Kamika’s Division III, Capital, Empire, and the US Deportation System, was guided by her desire to seek out and amplify the voices of the Black and im/migrant communities, especially the experiences of Black immigrants. Her inspiration was her own lived experience as an organizer within the Immigrant Rights Movement and Movement for Black Lives, which she describes as a strong foundation for conducting her research thesis. She began with an independent field study in Kingston, Jamaica, where she worked with the Family Unification and Resettlement Initiative and the National Organization of Deported Migrants. With their assistance, she identified 17 interviewees from whom she could learn about their experiences with criminalization and deportation. She sought to document and address interviewees’ experiences of immigration to the United States, targeting by racialized “War on Drugs” policies from the 1980s to the present, detention within the United States, eventual deportation to Jamaica, and the impact of these experiences on post-deportation life. She expanded her analysis to draw connections between this cycle of deportation and disposal of Jamaican non-citizens living in the United States and then to the larger themes of capitalism, exploitation, and the reproduction of violence.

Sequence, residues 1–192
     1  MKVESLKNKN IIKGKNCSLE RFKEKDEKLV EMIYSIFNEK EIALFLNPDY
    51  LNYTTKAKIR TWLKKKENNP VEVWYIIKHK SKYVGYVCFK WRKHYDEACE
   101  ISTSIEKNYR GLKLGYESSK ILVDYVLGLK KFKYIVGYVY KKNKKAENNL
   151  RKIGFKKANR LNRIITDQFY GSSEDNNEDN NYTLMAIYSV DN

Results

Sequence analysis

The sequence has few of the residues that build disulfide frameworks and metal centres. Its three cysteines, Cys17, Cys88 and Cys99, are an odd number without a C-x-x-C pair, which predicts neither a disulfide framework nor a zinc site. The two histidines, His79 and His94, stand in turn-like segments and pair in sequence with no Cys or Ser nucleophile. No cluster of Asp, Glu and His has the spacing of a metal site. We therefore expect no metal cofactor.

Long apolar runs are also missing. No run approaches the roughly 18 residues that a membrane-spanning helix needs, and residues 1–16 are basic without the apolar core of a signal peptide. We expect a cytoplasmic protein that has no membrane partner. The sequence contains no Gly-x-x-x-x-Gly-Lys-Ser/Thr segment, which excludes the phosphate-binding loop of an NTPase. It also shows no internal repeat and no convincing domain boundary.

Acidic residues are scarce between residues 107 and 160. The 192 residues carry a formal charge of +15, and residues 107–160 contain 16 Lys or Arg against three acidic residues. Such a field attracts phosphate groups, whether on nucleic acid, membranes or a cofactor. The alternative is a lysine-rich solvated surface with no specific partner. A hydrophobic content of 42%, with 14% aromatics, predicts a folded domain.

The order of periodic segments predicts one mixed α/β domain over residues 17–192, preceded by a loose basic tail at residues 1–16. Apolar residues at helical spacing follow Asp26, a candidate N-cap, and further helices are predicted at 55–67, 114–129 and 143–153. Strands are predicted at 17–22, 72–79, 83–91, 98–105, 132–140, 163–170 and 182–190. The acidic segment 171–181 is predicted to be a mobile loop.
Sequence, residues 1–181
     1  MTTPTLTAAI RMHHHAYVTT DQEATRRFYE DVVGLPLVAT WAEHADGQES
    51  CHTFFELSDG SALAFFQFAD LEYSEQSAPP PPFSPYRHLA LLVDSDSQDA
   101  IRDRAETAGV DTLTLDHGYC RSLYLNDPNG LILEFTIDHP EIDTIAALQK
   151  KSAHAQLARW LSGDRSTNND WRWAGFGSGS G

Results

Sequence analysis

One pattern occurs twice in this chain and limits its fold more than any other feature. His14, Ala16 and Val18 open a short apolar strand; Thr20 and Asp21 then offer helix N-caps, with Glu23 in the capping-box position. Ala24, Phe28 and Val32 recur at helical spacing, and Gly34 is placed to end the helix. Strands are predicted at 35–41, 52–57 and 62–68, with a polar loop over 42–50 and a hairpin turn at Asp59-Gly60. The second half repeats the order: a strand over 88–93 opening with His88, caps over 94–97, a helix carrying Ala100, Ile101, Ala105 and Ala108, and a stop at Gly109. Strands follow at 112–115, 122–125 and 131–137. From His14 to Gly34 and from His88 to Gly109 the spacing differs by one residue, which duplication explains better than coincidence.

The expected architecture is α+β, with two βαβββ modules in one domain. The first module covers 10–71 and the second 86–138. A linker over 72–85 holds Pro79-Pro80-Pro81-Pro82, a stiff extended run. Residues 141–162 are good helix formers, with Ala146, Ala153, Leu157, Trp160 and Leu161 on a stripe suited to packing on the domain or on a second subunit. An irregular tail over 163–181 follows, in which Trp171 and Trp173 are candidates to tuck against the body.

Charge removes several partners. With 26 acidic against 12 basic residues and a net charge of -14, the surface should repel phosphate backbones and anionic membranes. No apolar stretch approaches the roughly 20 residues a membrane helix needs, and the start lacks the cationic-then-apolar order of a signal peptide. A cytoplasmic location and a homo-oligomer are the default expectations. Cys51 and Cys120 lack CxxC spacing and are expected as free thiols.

With the support of ECG’s Common Good Scholar Grant, she was able to work with two Div II student transcribers to document the 17 interviews, which gave them the chance to build their skills and provided valuable data to the two organizations that supported her work in Jamaica.

Back in the United States, Kamika facilitated a workshop at the first Black and Undocumented Convening, in Miami, to impart information and tell stories from her interviewees to the wider community. She was also a featured speaker at “#BlackMigrantsLivesMatter: Black Immigrant Experiences in the U.S.”, a panel discussion cosponsored by ECG and the Hampshire Immigrant Solidarity Network.

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